What precisely does a distraction threaten? An agent who spends an inordinate amount of time attending to her smartphone – what precisely is she lacking? I argue that whereas agency of attention is the agent’s non-automatic decision-making on what she currently pays attention to, autonomy of attention is the agent, through her second-order desires, effectively interfering with her non-automatic decision-making on what she currently pays attention to. Freedom of attention is the agent’s possibility to hold or switch her focus of attention without fixating on any specific focus against her will or without distraction from chosen foci. I will further argue that autonomy of attention requires some degree of attention capital, namely the agent’s understanding of how attention works, appreciation of the value of various attention-requiring tasks, her attention skills supported by her environment and her ability and motivation to develop and regulate them. This is because especially when attention is treated as a commodity, to regulate one’s attention according to one’s own values, what is in jeopardy and commodified has to be noticed, known, and valued.
Geoffrey D. Callaghan, “Implications for Weaponized Dissent in a Post-Truth World”
What I propose to examine in this paper is whether an equivalence can be drawn between (1) rationales for regulating speech that are grounded in attempts to curb the spread of mis- and
disinformation, and (2) rationales for regulating assembly on the basis of what I call ‘inauthentic protest’ (i.e. protest that is done for reasons other than the protest’s purported aims). If such an
equivalence can be drawn, what are the implications that follow?
Session 4: Dire Challenges (2:30pm – 3:30pm)
Leonard Kahn, “Life, Death, and Non-Human Decision-Making in War”
Decisions made in war often concern life and death. Advances in AI are increasing the extent to which these decisions are made by non-human agents. Is it a violation of human dignity if lethal autonomous weapons (LAWs) decide, without meaningful human involvement, to kill me? Attempts to answer this question often fail to disambiguate distinct ways in which killing in war violates human dignity. Once we have disambiguated them, we can see that full respect for human dignity requires agents who make these decisions appreciate the moral consequences of doing so and have appropriate attitudes in response. LAWs cannot do this. Hence, their use without meaningful human involvement is a violation of human dignity. While violations of human dignity are often best understood as rights transgressions, the circumstances of war renders this equation problematic. The need to defend oneself and others often outweighs other considerations. That suggests that we ought to think about appropriate human decision-making in war as a prima facie duty rather than a strict deontic constraint and favor of institutional design to reduce the possibility of conflict between the obligation to save lives and the obligation to respect human dignity in our decisions about life and death.
Adam Smith, “Emergency Preparedness & Justice”
Climate change, the covid-19 pandemic, and infrastructure failures have made the devastating impact of emergencies all too clear. In this presentation I will argue that the state has an obligation to prepare for emergencies – to invest in risk assessments, mitigation, response, and recovery – because emergency preparedness is a necessary, though overlooked, part of the state fulfilling its obligations given to it by justice, especially its obligation to offer certain public goods and services, like public education, basic health care, clean water, etc. To fulfill this obligation, the state must make a reasonable investment within its means to prepare for emergencies so that it can provide public goods and services to all at all times. How this obligation gets fulfilled, i.e. what sorts of preparations will be required, depends on the theory of justice being used, but the obligation to prepare for emergencies exists for all theories of justice. I end by discussing two specific issues with the implementation of this obligation: (i) the relationship between individual, local, and federal emergency preparedness; and (ii) how to justify preparing for rare emergencies.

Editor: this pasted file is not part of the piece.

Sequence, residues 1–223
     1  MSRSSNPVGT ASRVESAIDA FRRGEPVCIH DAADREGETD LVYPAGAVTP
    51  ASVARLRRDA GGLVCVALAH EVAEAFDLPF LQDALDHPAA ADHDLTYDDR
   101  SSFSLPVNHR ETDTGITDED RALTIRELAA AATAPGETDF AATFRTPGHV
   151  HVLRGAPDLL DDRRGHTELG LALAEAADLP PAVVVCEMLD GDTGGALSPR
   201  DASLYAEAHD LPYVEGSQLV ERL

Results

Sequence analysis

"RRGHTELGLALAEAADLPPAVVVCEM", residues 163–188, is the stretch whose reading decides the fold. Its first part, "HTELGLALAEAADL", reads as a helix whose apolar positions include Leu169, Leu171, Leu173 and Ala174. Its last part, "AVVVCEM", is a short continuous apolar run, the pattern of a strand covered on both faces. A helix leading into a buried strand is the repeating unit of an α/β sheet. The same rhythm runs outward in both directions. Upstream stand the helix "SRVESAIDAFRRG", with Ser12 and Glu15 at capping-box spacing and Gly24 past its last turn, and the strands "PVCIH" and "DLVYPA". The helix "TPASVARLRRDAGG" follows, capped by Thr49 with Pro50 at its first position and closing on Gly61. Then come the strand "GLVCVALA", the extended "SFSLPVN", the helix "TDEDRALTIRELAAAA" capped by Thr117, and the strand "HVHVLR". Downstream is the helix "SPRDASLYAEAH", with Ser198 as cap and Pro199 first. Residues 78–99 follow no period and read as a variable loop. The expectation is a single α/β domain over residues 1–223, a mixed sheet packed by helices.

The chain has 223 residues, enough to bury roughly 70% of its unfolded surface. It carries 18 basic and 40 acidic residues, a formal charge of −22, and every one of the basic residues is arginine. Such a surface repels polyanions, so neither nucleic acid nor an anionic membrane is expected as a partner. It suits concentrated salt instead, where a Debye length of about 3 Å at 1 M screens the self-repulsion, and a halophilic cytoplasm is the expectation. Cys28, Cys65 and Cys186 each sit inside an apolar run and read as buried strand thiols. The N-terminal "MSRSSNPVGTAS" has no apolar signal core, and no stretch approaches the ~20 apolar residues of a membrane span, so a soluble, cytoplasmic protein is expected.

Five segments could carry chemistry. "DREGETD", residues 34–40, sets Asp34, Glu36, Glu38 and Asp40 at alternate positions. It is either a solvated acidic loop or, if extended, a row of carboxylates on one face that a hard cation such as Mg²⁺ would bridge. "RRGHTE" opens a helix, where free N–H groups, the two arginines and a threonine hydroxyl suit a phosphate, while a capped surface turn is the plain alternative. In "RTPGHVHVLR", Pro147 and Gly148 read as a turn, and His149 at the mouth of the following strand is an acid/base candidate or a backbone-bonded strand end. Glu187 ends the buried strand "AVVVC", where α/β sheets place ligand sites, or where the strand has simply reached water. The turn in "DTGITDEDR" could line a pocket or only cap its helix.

Seth Goldwasser, “The Cure is Worse Than The Disease: On the Notions of Health and Disability”
With the passage of TX SB8, the wellbeing and rights of both pregnant people and potential offspring come to the fore. One thorny issue at the intersection of these concerns is selecting for or against disability. According to some self-avowed eugenicists, it is morally permissible to select or treat potential offspring for disabilities like deafness and Down syndrome on the basis of genetic counseling or through genetic enhancement, provided that doing so does not decrease the offspring’s chance of a good life or interfere with the wellbeing of others. Genetic counseling and genetic enhancement, they claim, are medical tools to be used towards improving wellbeing and the permissibility of their use in turn provides justification for maintaining or increasing access to clinical interventions that terminate pregnancies. This paper argues that blanket approval of the use of genetic counseling or genetic enhancement begs the question against selecting for disability. Specifically, eugenicists’ blanket approval requires a view of what types of internal state constitute limits on or decreases in human function or ability in virtue of what those functions or abilities are. But naturalistic accounts of human function that eugenicists can appeal to underdetermine, for several disabilities, whether those disabilities limit or decrease human function or ability. Indeed, it might be that the relevant disabilities are simply other ways of being rather than limits on or decreases in any human function or ability. In which case, selecting against them may constitute several harms towards the disabled. Nonetheless, I conclude by arguing that avoiding the harms of selecting against disability is consistent with a collective duty to increase access to interventions which terminate pregnancies.
December 3, 2021, 4:00pm EST